Brian is a smart chap, but he doesn’t always get it. In a recent posting: Microsoft to Quest in 2009: “A winning partnership.” Microsoft to Quest in 2010: “Que-who?” he betrays a lack of understanding of the Citrix / Microsoft partnership, and draws incorrect conclusions as a result. So let’s try again: Citrix does not compete with Microsoft.
For starters, the statement that XenServer competes with Hyper-V is wrong. XenServer is free and Hyper-V is free. Neither company wants to monetize the hypervisor. XenServer is a virtual infrastructure platform and Hyper-V is a hypervisor in an OS (Windows). They address different needs but also occasionally overlap. For example, Hyper-V will offer RemoteFX and XenServer IntelliCache. The Citrix position is that the role of XenServer is to offer a compelling feature set that permits Citrix and Microsoft to compete successfully with VMware. XenDesktop is supported on ESX, Hyper-V and XS, and the XS role is to offer a platform that dramatically improves performance and reduces TCO versus VMware. If a customer chooses XS today because it offers features not present in Hyper-V, (such as IntelliCache) the customer can be sure that Citrix has no interest in locking the customer to that choice: XS is 100% compatible with HV and if the customer replaces XS with Hyper-V in the future, we have no issue with that whatsoever. Similarly a customer wanting RemoteFX will not find that in XenServer. Meanwhile Citrix and Microsoft both win at the expense of our joint competitor. I can Also assure you that we tell Microsoft everything we know about building a great virtualization platform.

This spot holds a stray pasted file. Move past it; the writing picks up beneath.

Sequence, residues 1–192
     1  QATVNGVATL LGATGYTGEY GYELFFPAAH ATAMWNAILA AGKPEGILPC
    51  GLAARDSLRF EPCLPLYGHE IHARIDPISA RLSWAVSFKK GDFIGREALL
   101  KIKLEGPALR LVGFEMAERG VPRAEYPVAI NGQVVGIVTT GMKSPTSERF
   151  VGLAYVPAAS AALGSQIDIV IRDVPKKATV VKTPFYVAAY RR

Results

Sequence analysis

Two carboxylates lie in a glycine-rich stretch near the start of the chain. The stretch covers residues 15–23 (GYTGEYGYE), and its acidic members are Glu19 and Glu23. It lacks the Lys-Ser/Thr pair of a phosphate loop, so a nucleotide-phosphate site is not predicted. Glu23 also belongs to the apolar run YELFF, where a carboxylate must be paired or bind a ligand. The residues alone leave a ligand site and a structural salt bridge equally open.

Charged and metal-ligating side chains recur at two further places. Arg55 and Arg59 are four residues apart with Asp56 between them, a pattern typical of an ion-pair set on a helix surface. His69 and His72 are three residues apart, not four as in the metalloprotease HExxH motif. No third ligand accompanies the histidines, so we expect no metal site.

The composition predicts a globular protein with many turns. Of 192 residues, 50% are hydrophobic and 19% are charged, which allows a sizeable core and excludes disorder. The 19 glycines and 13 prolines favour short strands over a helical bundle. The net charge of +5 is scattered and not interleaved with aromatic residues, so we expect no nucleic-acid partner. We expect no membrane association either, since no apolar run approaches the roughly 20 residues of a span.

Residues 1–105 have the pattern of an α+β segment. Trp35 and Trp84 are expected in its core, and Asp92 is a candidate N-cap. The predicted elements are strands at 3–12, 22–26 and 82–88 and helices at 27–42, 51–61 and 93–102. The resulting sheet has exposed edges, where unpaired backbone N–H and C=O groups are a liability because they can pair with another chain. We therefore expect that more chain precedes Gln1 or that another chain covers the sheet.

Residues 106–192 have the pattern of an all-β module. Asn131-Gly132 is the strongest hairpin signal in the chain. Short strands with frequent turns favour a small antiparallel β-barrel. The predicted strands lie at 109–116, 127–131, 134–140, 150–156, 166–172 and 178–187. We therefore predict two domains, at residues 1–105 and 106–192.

XenServer also serves a key role for us in enabling the market: our desktop and cloud portfolios presume the broad use of virtualization as a commoditized feature of the infrastructure. Broad and rapid adoption of virtual infrastructure is a necessity. Since VMware’s products are expensive, they limit the available market for all vendors. Citrix offers an enterprise class, open, free, ecosystem-friendly alternative to VMware, to accelerate adoption of both desktop virtualization and cloud, and as strategic counters to the closed, expensive, ecosystem-hostile products of our competitor. The XenServer share of the enterprise virtualization market represents about $750MM of non revenue for our friends in Palo Alto, and about 250,000 servers a year of Microsoft-friendly footprint. And for Quest, looking on the bright side of life, XenServer and Hyper-V offer a sizable opportunity for ISV value-add.
Now, getting back to the key theme of Brian’s post, Citrix and Microsoft partner because our customers want us to, and because in so doing we both profit. One ought therefore to assume that Microsoft’s cooling of it’s relationship with Quest is because customers are not adopting the Quest solution. Our field checks confirm this. Citrix appears to have gained the position in desktop virtualization that VMWare has achieved in traditional data center server virtualization. We are the go-to vendor because we don’t compete with Microsoft, we have an open architecture, we offer a better end user experience and cater to a broader set of end user use cases, and finally because we offer better value for money.